• emeagwali@ccsu.edu
3.2 million years ago The era  of Lucy or Dinknesh (Berkenesh),  one of our earliest
hominid ancestors.
2.6 million years ago Creation of what is now the second oldest stone tools in the
circa 3500 BCE Egyptian- Ethiopian  diplomatic and commercial contact; trade in myrrh, frankincense and tef.
circa 974 Alleged relationship between the Jewish King Solomon and Queen Makeda of Ethiopia;  Birth of Menelik. 
1000 BCE – circa 1000 BCE Rise and Fall of the proto-Aksumite and Aksumite Empire.
330CE Official adoption of Christianity by the Aksumite
615CE Hospitable hosting of  over 100 Muslim refugees, including the
son- in- law of Prophet Muhammad and close aides, by the Ethiopian
Emperor Armah. The Emperor resisted pressure to hand them over, and
endeared himself to the early Muslims.
circa 1137 – 1270 Rise of the Zagwe Dynasty and Emperor Lalibela’s massive engineering
projects-   including the building of churches and
13th century Restoration of the Solomonic dynasty and writing of the Kebra
1508- 40  Emperor Lebna Dengel- Note his dismissal of the
1527 – 35 Jihad by Imam Ahmad ibn Ibrahim al Ghazi  (Ahmad Gragn) of Adal.
16th century Ottoman Seizure of Massawa; Oromo migrations from south to north.
17th& 18th centuries Founding of Gondar; The era of Empress Mentewwab  and extensive
engineering projects, including palaces and
17th & 18th centuries Era of  Fasiladas, Iyasu 1, Bakaffa and Iyasu 11.
1855- 1868 Coronation of Emperor Tewodros
1871-89 Coronation of Emperor Yohannes IV
1889-1913 Coronation of Emperor Menelik 11. Note Ethiopia’s victory at
The Battle of  Adowa (Adwa).
1896 The Battle of Adowa
1916 -30 The daughter of  Emperor Menelik 11, Empress Zawditu, shares the throne
with Ras Tafari, son of Ras Makonnen. 
1930 Coronation of  Ras Tafari, as Emperor Haile Sellassie 1 – who
initiated an era of extensive reforms. A road building program and a
railway network were to link the provinces; construction of numerous
schools in Addis Ababa; various experts hired from as many as 5 countries,
and, large scale recruitment of young Ethiopian officials. He insisted on
the jurisdiction of Ethiopian courts over foreigners. A new constitution
was made. The Italians claimed that the Ethiopians had encroached on land claimed by them in the Ethiopian frontiers, in the  Somali region: The
Welwel incident. The emperor refused to give in despite  British and
French solidarity with Italy which they wanted to appease  at that
point in time.
1935-44 Italian Occupation and Ethiopian Resistance under Emperor Haile Selassie
followed. Did World War 2 begin in 1935 with the attack on Ethiopia by Mussolini, who would use poison gas against the Ethiopians? Selassie’s flight to Britain in 1936 did not stop the resistance. At least ten thousand Ethiopians were executed and burnt alive by the Italians.The British decided to assist Ethiopia only after Mussolini declared war on the Allies because of their perception of the strategic advantage of the Red Sea region in the war offensive. The Addis Abeba Agreement of 1942 was signed. Ethiopian sovereignty was largely acknowledged but it was  in 1944, with U.S assistance, that a more favorable treaty was signed. Eritrea was then governed by a British administration.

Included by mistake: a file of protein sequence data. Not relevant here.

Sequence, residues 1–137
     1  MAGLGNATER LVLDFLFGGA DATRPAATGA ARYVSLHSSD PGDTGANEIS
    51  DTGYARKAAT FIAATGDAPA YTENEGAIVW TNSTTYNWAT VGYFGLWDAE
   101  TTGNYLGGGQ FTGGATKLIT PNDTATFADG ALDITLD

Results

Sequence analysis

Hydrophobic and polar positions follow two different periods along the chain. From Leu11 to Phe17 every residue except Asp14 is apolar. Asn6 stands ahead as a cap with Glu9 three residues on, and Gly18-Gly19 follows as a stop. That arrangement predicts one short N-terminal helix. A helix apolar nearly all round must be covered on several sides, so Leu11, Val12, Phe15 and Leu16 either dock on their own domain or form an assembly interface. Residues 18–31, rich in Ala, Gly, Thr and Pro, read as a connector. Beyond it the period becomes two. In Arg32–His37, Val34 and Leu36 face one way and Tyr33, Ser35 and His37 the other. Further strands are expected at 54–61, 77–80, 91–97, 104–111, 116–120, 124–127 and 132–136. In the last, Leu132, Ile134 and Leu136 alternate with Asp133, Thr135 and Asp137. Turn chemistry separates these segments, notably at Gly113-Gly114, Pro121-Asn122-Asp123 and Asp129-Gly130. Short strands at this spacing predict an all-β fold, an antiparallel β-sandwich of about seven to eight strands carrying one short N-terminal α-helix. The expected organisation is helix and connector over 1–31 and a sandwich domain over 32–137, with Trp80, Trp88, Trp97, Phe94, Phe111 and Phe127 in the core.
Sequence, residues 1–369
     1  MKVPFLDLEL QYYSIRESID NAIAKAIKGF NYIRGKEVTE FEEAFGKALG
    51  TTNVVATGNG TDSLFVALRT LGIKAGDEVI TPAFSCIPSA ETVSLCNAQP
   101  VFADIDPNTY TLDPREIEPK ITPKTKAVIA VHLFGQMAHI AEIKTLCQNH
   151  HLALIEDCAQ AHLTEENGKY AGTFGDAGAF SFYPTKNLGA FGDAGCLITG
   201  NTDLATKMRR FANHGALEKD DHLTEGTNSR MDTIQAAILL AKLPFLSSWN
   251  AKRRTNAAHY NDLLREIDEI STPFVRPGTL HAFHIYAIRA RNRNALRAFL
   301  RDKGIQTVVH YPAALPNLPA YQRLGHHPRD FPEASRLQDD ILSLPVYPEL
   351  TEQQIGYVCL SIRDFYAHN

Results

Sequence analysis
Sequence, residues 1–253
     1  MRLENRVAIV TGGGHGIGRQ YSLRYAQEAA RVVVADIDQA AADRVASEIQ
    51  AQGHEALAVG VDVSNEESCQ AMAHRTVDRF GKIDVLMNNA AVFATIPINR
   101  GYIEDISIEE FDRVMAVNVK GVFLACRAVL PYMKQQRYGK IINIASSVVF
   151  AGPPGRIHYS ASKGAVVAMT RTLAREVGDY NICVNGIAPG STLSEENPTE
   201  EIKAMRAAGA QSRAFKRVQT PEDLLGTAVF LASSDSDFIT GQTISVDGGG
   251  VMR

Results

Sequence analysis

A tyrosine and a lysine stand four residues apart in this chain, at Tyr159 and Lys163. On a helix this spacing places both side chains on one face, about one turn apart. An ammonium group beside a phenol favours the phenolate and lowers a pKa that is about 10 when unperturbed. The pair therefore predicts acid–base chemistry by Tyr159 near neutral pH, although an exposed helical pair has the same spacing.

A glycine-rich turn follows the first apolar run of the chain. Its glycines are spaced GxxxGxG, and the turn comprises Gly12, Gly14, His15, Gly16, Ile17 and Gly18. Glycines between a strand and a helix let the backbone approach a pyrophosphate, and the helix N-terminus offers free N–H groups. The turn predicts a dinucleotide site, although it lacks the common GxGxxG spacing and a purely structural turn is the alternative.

1974 – 1990 Emperor Haile Selassie  was deposed  in 1974 and  the Marxist
Revolutionary era inaugurated – under the Coordinating Committee of the
Armed Forces (The DERG) and eventually Haile Mariam
Mengistu. Numerous human rights violations took place. According to
Harold Marcus, the 1967 Arab -Israeli war,  a hike in oil
prices,  the costly war against the Eritrean insurgency, and,
more directly, the 1973 famine in northern Shewa, Welo and Tigray,
affected the economy negatively. The coup makers capitalized on the
growing discontent and resentment against the Selassie regime. The regime was accused of inaction during the devastating famine.
1991 Victory of the EPRDF under the leadership of Meles Zanawi – who promised a transition from socialistic programs to democracy and a mixed
2007 Ethiopian-Somali conflict, and  U.S. support for the
Ethiopians-  against an alleged al-Qaida presence in the Somali

Selected References on Ethiopian History

Bekerie, Ayele. Ethiopic, NJ:Africa World Press, 1996. 

Collins, Robert and James M. Burns.  A History of Sub-Saharan Africa,

Cambridge, UK: Cambridge University Press,  2007.

Pankhurst, Richard. The Ethiopians- A History, London: Blackwell, 2001.

Marcus, Harold. A History of Ethiopia, Berkely:  University of California Press, 1994.

Pouty, Chris. Empress Taytu and Menilek 11 Ethiopia 1883-1910, New Jersey:  Red Sea Press, 1983.

Pankhurst,Richard. A Social History of Ethiopia, New Jersey:  Red Sea press, 1992.

Hassen, Mohammed.  The Oromo of Ethiopia –  A History 1570 -1860, New Jersey:  Red Sea Press, 1994.

Marcus, Harold. The  Life and Times of  Menelik 11 –  Ethiopia 1844-1913, New Jersey:  Red Sea Press, 1995.

Keller, Edmond.  Revolutionary Ethiopia: From Empire to  People’s Republic,

Indiana University Press, 1991.

Graham,J.Exploring Ethiopia.Addis Ababa:Shama,2010.

Kapuscinski Ryszard. The Emperor: Downfall of an Autocrat, New York: Vintage International, 1983.

Getahun,S.History of the City of Gondar.AWP,2006.